What Rust features are still missing? – Interview with Steve Klabnik
In the wake of the latest release from Rust, version 1.43, we took some time to chat with Steve Klabnik, a member of the Rust core team, about the language, its future, the community, and what features are still needed.
Rust version 1.43 recently released and we took the opportunity to sit down and speak with Steve Klabnik from the core team about the current status and future of Rust.
JAXenter: You are a member of the Rust core team. What are your main tasks and how do you organize the work in the team? What are you currently working on?
Steve Klabnik: The core team’s job works a bit differently than core teams in other languages. Our job is mostly to oversee the project as a whole. So we do a lot of reactive work; some team needs a certain kind of help, and we figure out how to give it to them.
We also do some proactive work; for example, a big question in Rust right now is “will we have a 2021 edition or not.” That’s kind of a joint decision between core and the language team. We actually publish parts of our meetings here.
JAXenter: You have been involved in Rust for some time now, how do you think about the development of the language and the community?
Steve Klabnik: As things mature, the needs change. Back in the day, we could do whatever we want, and we had no responsibility to anyone. Now, we have to be very deliberate with change; we can only add things, never remove. We have companies like Amazon, Facebook, Apple, Google, and Microsoft using Rust in products, and so we need to be very reliable.
We also used to have a small number of contributors, but we now have about 200. We used to have about 100 pull requests get merged in a given week, we now have about 400.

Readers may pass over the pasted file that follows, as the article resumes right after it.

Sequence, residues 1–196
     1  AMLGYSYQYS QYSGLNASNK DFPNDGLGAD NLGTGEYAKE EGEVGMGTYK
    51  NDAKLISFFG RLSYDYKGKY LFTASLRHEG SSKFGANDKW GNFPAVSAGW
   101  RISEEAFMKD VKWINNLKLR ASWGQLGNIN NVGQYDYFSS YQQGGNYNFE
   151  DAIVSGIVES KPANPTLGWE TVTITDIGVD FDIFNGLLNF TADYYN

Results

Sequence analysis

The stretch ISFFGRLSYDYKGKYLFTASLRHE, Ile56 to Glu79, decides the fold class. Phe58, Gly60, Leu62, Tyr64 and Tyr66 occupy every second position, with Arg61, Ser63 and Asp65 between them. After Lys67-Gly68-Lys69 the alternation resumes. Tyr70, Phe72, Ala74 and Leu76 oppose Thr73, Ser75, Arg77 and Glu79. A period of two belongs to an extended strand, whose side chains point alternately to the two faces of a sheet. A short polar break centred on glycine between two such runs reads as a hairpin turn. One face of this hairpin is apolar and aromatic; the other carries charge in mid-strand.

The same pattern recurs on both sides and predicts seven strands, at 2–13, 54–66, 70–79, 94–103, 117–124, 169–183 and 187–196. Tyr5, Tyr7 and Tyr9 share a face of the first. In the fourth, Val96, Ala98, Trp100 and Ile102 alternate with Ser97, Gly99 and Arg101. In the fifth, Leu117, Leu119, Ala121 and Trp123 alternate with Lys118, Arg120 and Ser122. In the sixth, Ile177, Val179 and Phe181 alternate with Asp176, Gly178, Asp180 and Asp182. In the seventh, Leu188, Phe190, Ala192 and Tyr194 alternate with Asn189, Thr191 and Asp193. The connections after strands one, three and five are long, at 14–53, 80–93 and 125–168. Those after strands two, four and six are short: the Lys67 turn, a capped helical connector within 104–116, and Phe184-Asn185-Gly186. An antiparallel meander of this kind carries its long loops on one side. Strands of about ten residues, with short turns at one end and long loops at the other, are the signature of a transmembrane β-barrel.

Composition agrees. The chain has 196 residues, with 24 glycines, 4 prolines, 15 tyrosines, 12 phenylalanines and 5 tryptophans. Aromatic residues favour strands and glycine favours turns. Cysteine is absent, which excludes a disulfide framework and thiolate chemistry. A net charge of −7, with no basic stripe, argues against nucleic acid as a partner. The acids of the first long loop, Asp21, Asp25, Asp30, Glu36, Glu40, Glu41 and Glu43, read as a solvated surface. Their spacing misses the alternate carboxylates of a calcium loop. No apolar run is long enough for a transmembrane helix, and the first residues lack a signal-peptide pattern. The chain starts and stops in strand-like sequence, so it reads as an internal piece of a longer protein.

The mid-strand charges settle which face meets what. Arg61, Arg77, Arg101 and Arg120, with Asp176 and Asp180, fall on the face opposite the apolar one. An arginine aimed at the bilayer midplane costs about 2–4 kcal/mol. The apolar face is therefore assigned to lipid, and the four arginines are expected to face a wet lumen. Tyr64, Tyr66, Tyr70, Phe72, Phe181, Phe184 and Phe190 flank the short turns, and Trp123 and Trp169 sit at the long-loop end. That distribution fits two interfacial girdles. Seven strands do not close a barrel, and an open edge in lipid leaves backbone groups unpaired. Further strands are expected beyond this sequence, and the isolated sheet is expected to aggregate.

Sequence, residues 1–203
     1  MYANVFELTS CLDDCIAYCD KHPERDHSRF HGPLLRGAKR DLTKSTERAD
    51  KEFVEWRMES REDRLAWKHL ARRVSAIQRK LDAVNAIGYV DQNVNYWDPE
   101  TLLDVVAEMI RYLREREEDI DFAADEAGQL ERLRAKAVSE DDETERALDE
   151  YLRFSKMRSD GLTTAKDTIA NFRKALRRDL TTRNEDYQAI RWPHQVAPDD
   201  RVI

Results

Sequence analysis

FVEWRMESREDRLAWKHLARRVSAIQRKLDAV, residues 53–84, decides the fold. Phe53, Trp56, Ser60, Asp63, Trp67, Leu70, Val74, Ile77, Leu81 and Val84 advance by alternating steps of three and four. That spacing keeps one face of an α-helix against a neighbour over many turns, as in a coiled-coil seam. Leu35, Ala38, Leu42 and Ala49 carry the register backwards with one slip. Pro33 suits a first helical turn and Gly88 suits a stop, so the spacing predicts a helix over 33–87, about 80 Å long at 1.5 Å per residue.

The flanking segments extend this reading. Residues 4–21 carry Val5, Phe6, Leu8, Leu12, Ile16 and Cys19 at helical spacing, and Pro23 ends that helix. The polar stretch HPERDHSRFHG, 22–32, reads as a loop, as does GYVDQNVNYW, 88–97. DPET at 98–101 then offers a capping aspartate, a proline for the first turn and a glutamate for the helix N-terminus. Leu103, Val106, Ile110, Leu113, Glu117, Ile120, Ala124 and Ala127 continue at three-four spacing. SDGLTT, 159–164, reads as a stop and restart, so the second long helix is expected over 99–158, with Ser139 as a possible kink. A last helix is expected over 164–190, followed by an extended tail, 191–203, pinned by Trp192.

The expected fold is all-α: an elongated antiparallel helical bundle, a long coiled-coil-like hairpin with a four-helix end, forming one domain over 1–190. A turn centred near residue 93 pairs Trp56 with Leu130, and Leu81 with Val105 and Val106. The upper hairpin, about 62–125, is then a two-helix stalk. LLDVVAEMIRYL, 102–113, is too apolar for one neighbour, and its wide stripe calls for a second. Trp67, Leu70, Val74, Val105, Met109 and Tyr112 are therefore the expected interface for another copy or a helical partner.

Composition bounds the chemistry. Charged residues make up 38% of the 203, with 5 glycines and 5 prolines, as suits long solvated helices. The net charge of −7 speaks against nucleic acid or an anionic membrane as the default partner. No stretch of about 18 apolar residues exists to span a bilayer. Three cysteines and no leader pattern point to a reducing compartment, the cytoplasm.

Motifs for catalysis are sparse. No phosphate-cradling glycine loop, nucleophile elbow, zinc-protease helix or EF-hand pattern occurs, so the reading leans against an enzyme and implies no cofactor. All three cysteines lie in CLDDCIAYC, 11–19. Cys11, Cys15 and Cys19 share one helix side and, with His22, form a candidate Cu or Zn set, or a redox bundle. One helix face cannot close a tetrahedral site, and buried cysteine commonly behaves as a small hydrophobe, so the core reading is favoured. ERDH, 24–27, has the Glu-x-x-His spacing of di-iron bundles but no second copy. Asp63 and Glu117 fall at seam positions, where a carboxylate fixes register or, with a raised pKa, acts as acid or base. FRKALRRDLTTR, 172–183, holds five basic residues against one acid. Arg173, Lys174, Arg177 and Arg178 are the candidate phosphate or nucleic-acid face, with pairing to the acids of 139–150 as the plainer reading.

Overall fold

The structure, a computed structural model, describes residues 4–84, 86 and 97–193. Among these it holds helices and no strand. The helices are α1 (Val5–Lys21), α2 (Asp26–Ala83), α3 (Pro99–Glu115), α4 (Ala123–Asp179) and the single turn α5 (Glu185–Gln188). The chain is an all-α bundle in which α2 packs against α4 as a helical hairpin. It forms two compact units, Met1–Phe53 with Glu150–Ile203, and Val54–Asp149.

JAXenter: Rust still has the reputation of a language that is not easy to learn. Do you agree with this and how do you assess the general situation of Rust at the moment?
Steve Klabnik: I agree that it’s not easy to learn, but that doesn’t mean that it’s impossible. Rust basically makes you debug your program upfront.
When I wrote Ruby, I would “get something working” really fast, but there would be bugs, and they’d take time to track down. With Rust, it takes me a bit longer to get going, but when it’s done, I have a much lower rate of bugs than I do in my Ruby. They still exist of course! But I spend a lot less time on them. This change in mindset can be difficult for some folks, or maybe it just isn’t their thing.
We want Rust code to be very reliable, and that comes with some strictness, which means that it takes time to learn. We are always happy to help folks out with a question, no matter how big or small, on our forum, users.rust-lang.org.
JAXenter: The latest community survey has shown, among other things, that many programmers want more content to learn such as videos, blogs, or tutorials. Are these things, which go beyond the already existing content, planned in the future?
Steve Klabnik: Not by the teams themselves, but we’ve seen several folks step up and start producing more video content in the community.
JAXenter: Speaking of the future, how would you like Rust to evolve? Which features are you still missing?
Steve Klabnik: I think that there are only a few more major features Rust needs, and then it can be “mostly done”:
1. const generics
These two features will let us build ceratin kinds of APIs that we can’t currently. There are other features that are cool too, but they’re less important in my mind.
I would also like to see the Unsafe Code Guidelines Working Group finish their work. They’re building comprehensive rules that unsafe code must obey. It’s a tricky part of Rust right now, though luckily most programmers don’t need to use unsafe.
Thank you for the interview!